My mini-retrospective of films directed by former cinematographer Nicolas Roeg (1928-2018) has reached back to the one I remembered liking best, the 1973 adaptation of a story by Daphne du Maurier (Rebecca), “Don’t Look Now.” I’ll immediately stipulate that it looks good, mostly set with a backdrop of incipient winter in Venice.
It opens in a cozy Hertfordshire house where Laura (Julie Christie is looking at reference books and her husband John Baxter (Donald Sutherland) is looking at a slide of a church. He has a feeling that something is wrong and rushes out to find his daughter Christine in her red plastic raincoat has drowned trying to retrieve a ball from the pond. This is far more dramatic than Du Maurier’s original, in which the daughter dies of meningitis, but the result in both cases is grief-stricken parents.
Leaving their son Johnny in boarding school, the Baxters go to Venice, where John is supervising the restoration of a church, San Nicolò dei Mendicoli. (His Italian fluency comes and goes.) In the hotel in which they are the only guests, the Baxters have a lengthy sex scene that eventually is intercut with the two of them dressing to go out to dinner. (I’ll return to the gratuitous Sutherland nudity and the sex scene below!)
In a restaurant a pair of elderly British sisters (no longer twins) focus on the Baxters, sensing their pain. The blind, clairvoyant one, Heather (Hilary Mason), assures Laura that Christine is happy. Back at their table, Laura faints and is hospitalized.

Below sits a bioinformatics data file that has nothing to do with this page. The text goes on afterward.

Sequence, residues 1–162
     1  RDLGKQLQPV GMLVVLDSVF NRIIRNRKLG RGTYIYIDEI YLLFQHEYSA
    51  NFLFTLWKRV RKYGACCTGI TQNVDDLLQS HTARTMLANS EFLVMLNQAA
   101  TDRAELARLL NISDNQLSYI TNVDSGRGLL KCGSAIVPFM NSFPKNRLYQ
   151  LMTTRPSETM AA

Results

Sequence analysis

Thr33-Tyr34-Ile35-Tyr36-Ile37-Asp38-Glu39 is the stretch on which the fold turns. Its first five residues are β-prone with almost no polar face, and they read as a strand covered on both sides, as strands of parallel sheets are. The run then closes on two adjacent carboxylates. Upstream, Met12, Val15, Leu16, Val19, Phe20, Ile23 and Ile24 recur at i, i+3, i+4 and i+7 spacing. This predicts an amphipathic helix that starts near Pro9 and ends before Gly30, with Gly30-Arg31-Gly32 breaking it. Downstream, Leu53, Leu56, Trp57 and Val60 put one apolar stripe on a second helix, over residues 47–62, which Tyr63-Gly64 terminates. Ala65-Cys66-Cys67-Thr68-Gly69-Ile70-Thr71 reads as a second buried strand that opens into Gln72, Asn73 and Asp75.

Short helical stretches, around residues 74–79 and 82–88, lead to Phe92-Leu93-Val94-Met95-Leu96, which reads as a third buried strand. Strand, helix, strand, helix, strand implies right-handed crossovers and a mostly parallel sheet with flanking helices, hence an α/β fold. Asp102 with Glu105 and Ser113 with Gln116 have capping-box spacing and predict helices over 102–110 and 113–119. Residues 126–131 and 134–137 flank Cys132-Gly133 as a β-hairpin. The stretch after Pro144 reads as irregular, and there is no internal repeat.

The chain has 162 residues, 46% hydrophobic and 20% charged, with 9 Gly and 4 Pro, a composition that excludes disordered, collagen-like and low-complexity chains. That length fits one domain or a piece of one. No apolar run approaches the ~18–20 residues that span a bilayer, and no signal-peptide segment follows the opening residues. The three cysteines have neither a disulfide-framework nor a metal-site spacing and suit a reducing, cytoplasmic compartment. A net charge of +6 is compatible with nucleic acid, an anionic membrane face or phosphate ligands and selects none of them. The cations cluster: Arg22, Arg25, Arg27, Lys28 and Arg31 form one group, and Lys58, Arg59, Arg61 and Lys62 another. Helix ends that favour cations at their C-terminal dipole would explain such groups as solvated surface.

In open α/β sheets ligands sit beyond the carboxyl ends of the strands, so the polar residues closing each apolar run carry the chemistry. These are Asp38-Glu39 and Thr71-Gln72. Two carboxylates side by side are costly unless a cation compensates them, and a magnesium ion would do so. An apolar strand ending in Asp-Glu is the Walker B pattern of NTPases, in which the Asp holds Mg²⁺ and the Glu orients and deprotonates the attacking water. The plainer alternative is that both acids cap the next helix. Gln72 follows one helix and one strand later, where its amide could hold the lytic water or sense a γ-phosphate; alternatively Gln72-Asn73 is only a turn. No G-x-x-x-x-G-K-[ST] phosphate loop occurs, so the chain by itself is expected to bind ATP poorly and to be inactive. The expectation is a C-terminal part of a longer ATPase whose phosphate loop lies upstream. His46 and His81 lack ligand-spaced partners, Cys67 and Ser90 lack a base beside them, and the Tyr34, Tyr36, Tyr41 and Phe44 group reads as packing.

The news from beyond the grave has broken through her depression, which is a relief to her husband, but he is dismayed at her involvement with psychic mumbo jumbo, though he has “the gift” himself (as we’ve already seen from his rushing out when his daughter is drowning…).
Plot spoiler alert
He disregards a warning that he is in danger, and Roeg shows that he can do action scenes in an accident. What happens seems excessive to the stimulus and the stimulus highly contrived, but some action is welcome!
Then there is a late-night call from the headmaster of John Jr’s school and Laura rushes back to England. Except that John Sr. sees Laura and the two elderly women dressed in black on the Grand Canal.
From that premonition on, what happens is unbelievable to me. I don’t believe that the police would arrest the British women. Even if they did, I don’t believe the blind one would be left alone in the police station (from where John rescues her after talking to Laura as she is leaving their son’s school).
Either as someone with psychic powers himself or as the rationalist, I don’t believe John would relentlessly follow and corner whoever is in the red plastic raincoat like Christine’s. I don’t believe that Laura (whom no one contends is psychic) could follow the route he took. Moreover, knowing that Laura would be going to the sisters’ hotel to meet him, would he go rushing off like that? And why couldn’t Heather keep him there, out of danger? Etc.
And if John has psychic powers, why does he not share the blind woman’s premonition of disaster for himself. Or realize that he is not seeing a reincarnation of his dead daughter roaming the bridges and alleyways of Venice!
Roeg, whose love of fragmenting narrative was mostly held back through most of the movie lets loose a montage of image as John bleeds to death, including seeing the three women in black at what will be his funeral cortege.
In short, exceedingly contrived and making no sense regardless of whether the viewer accepts the reality of psychic “second sight.”
End plot spoiler alert